A Biography of Seamus Heaney
To visit Seamus Heaney's native land of Ireland, check out our Ireland VacationsHis family didn’t have the funds to send him to college, but a scholarship allowed him to attend college and live on campus. He learned Latin and Irish while in school, both of which he would later use in his career. While attending college, Heaney's brother died. He would later write several poems about his brother's death.
Heaney moved to the Queen’s University of Belfast in 1957, and majored in English Literature. After graduating in 1961, he went to the St. Joseph’s Teacher Training College where he learned the skills to become a teacher. While completing a placement program at St. Thomas’ Secondary Intermediate School he met Michael MacLaverty. MacLaverty broadened his horizons by showing him poetry of other poets that he’d never read before.
In 1962, Heaney published his first poem. The following year he began working at St. Joseph’s, where he was once a student. He continued writing poems and publishing articles until he joined a salon of other young writers in the area. He eventually met a writer by the name of Marie Devlin and the two married in 1965. That same year he published his first book Eleven Poems and the following year he published a collection of his poems, Death of a Naturalist. The book won several awards.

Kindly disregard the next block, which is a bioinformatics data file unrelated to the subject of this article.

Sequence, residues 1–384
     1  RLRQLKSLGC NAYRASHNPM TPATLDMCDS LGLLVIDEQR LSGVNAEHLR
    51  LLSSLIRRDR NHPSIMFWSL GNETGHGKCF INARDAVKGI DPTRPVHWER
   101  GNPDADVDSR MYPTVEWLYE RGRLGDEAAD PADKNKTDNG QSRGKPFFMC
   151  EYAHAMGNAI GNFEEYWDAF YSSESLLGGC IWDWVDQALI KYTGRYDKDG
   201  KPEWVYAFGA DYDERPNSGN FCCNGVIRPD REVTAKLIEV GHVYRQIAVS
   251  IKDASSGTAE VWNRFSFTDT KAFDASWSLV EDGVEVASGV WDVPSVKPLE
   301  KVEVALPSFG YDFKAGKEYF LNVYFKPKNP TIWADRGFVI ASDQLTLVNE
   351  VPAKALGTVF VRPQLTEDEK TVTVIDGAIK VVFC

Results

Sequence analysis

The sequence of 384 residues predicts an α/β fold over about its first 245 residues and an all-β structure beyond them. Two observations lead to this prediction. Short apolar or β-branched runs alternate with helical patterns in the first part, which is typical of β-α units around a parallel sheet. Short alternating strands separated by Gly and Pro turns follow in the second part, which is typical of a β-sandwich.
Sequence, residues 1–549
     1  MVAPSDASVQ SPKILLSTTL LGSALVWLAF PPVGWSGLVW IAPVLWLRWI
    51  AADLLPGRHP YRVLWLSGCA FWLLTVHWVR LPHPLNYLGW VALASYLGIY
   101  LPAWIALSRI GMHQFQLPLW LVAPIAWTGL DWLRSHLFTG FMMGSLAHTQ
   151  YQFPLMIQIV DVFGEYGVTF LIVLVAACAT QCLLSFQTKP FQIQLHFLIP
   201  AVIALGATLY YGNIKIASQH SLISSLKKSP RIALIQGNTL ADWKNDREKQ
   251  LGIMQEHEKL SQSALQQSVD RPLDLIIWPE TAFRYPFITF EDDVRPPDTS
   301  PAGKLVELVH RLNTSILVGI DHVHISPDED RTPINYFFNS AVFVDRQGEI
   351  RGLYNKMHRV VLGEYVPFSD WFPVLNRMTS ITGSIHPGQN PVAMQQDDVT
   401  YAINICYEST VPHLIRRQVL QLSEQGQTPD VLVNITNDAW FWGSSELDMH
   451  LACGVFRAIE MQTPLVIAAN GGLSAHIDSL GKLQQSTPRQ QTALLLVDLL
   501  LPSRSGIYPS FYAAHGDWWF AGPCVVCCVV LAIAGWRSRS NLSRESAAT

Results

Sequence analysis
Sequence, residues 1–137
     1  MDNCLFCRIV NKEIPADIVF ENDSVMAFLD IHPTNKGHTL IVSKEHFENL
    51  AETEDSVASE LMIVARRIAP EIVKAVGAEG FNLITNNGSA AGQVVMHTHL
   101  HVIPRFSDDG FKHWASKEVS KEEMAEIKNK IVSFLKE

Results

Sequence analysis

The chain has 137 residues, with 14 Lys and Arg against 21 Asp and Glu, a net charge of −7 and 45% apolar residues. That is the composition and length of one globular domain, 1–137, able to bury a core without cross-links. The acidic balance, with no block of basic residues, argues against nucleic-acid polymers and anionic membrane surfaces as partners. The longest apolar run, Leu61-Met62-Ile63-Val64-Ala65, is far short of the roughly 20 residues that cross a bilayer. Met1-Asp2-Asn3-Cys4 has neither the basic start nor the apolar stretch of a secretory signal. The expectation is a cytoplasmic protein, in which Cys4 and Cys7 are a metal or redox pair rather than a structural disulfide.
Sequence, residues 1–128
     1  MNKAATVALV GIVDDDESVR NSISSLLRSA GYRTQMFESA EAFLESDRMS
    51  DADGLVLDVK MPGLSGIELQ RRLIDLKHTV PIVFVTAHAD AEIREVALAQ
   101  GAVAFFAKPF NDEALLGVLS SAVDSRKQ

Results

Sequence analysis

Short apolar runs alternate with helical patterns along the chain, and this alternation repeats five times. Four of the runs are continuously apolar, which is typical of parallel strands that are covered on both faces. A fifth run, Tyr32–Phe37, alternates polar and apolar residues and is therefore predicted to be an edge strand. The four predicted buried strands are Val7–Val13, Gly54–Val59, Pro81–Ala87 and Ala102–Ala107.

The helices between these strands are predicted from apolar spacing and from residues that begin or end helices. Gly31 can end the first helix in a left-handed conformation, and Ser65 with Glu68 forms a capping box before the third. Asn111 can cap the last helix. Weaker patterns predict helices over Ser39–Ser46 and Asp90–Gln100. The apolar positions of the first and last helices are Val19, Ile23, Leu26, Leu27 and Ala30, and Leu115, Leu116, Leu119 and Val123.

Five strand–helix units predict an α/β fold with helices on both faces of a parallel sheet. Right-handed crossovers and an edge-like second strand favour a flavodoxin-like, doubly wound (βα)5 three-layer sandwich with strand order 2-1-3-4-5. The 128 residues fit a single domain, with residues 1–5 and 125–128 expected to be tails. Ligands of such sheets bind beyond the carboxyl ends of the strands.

Over the following years Heaney would work at different schools on a full or part-time basis including the University of California at Berkeley, Queen’s University, and Carysfort College. By the end of 1979 he had published five more poetry collections and moved to the United States where he worked at Harvard. Fordham University and Queen’s University both gave him an honorary doctorate in 1982. He wrote the commencement address for Fordham that same year.
Heaney became the Professor of Poetry in 1989 for the University of Oxford, yet he continued to live in both the United States and Ireland. By the end of the 1990s Heaney had published more collections of his works, toured the world reading his poetry, and witnessed two of his works turned into plays. The Seamus Heaney Centre for Poetry opened in 2003. Heaney had a stroke in 2006, which required him to tone back his busy schedule, but he continues to work today.